LOS ANGELES — As the country’s second-largest school district looks to service its multicultural classrooms, district officials took steps towards finding out how they can improve the classroom experience, and their focus is on Asian-American students.
LAUSD closed out Asian Pacific American Heritage Month with the “Everyone Counts” resolution.
The resolution, believed to be the first of its kind in the country, will use data to identify specific issues among Asian American students in the nations second largest school district.
“We are committed to your success, this district has changed the way we identify our racial-ethnic identifications, how to disaggregate data, how to stay in conversations with the community, and above all how to reach out to every family so they know too yes, they too count,” says Monica Garcia, LAUSD Board President.
Eventually, the initiative will hope to lead to programs for specific communities in certain areas as needed.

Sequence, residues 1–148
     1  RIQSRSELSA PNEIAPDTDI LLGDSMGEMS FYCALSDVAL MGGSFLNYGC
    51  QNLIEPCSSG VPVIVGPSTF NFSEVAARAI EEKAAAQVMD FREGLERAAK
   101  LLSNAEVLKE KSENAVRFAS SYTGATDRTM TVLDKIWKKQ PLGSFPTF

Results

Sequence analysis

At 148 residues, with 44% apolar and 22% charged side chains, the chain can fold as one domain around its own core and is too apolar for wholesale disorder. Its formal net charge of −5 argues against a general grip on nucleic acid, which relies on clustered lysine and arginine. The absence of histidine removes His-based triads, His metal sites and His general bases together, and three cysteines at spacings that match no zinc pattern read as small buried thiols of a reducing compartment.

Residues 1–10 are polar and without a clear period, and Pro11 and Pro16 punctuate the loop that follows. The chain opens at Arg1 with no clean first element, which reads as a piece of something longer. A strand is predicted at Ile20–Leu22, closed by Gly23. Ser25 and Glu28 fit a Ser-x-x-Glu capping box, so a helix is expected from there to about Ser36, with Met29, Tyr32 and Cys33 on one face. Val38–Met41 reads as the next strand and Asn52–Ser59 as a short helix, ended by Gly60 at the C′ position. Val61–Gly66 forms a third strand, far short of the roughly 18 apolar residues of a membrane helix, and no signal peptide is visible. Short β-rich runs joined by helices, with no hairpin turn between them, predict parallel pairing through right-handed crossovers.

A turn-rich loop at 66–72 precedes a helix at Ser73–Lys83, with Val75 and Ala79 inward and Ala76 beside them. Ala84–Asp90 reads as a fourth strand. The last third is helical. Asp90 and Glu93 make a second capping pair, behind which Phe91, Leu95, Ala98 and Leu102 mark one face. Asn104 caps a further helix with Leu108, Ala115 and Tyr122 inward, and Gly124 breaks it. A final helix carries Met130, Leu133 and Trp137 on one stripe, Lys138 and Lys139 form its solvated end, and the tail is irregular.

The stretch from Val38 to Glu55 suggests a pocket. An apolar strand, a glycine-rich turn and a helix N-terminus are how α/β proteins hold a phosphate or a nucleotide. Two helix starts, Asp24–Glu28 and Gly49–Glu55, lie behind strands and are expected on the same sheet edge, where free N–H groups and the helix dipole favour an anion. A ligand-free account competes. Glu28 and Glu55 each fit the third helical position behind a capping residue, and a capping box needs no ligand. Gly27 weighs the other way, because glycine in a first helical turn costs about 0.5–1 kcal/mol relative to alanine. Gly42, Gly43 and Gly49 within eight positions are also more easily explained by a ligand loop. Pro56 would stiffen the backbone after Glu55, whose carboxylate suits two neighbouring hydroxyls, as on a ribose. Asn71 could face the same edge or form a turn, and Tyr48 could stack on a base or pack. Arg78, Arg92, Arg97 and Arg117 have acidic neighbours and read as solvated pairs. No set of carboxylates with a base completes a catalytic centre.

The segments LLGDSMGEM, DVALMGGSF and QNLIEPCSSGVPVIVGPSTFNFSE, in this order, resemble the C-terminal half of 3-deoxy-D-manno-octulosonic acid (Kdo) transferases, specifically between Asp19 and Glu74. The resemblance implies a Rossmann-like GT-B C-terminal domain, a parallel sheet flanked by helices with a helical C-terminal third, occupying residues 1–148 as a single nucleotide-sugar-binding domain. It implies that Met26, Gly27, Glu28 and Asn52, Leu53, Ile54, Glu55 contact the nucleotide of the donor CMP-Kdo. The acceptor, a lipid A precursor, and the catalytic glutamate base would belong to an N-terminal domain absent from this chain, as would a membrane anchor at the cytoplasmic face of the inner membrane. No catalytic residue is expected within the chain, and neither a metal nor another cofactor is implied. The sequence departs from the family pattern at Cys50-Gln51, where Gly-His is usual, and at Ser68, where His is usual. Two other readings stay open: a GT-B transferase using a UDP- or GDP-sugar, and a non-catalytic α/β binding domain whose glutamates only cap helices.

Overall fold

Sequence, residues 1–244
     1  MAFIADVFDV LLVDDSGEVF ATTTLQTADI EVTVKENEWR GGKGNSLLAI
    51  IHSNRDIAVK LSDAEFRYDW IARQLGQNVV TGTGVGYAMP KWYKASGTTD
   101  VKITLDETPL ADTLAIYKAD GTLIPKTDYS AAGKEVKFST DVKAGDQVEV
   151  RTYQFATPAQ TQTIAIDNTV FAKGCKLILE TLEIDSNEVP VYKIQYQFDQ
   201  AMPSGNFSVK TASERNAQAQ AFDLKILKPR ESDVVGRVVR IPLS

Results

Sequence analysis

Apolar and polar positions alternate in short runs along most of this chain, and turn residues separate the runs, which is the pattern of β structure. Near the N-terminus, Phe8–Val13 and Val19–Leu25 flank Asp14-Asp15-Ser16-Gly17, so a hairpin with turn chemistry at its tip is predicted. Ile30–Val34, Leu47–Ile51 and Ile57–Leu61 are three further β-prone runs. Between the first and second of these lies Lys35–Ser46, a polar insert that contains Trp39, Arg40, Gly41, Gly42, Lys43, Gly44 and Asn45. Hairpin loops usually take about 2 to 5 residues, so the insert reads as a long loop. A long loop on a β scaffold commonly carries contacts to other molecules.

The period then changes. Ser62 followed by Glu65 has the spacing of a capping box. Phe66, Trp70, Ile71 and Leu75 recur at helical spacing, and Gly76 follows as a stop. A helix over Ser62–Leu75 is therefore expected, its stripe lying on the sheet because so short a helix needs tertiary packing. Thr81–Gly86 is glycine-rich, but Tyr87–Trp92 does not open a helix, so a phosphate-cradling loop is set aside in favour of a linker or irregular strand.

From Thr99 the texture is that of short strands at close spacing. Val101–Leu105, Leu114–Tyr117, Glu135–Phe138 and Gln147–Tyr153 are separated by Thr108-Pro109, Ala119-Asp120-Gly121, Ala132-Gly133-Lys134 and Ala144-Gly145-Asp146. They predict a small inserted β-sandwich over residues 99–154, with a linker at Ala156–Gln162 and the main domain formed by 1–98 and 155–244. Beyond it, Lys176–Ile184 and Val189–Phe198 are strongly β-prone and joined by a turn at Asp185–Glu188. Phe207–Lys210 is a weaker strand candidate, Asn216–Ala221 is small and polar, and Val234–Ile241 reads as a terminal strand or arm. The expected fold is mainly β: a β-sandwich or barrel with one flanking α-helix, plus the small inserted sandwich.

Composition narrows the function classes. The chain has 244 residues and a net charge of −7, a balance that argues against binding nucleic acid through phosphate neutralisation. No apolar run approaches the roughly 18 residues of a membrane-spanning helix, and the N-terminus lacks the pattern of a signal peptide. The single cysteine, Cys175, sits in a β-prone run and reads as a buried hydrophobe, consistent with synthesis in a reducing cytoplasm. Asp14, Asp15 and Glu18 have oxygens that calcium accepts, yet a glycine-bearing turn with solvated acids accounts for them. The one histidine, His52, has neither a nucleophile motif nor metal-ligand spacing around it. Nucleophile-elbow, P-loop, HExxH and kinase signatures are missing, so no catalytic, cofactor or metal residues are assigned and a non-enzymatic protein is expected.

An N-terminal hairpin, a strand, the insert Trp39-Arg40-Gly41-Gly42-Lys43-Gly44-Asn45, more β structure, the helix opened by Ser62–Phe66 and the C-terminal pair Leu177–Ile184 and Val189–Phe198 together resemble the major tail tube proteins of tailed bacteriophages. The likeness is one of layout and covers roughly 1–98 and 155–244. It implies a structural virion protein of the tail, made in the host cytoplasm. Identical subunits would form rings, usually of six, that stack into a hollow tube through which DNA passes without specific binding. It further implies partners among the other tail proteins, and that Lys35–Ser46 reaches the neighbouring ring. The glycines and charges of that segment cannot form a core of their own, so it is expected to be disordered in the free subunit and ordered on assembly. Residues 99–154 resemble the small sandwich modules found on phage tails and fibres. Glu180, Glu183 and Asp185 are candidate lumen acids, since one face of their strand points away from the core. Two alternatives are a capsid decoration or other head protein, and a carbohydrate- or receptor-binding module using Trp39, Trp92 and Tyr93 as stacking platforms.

Filipinos are one of the only Asian groups to have disaggregated data, makeup 2 percent of the student population, while Asians make up 4 percent of the 700-thousand strong LAUSD student body.
Breaking down this data will help these minority students improve by getting better services.
“The uniting message behind these stories is that not all our Asian students are thriving, and without disaggregated data LA Unified has no way in the means of quantifying its 85,000 or 18% AANHPI AMEMSA students,” said Andrew Murphy Office of LAUSD President.
The resolution will include Asian Pacific American, South Asian, and middle eastern students and employees, which Filipino community leaders welcome.
“This is going to be steps to get classes such as language classes ethnic studies and also mental health services for our Filipino community.”
Despite the unanimous passage, school board members did express a few concerns, and have asked that other ethnic groups including Hispanics should be also have their data broken down.
“I think it’ll be very helpful for us to know the progress and learning pluses and minuses per country.”
For the next 4 months, the district will develop a plan on how to accomplish its goal of making sure everyone counts.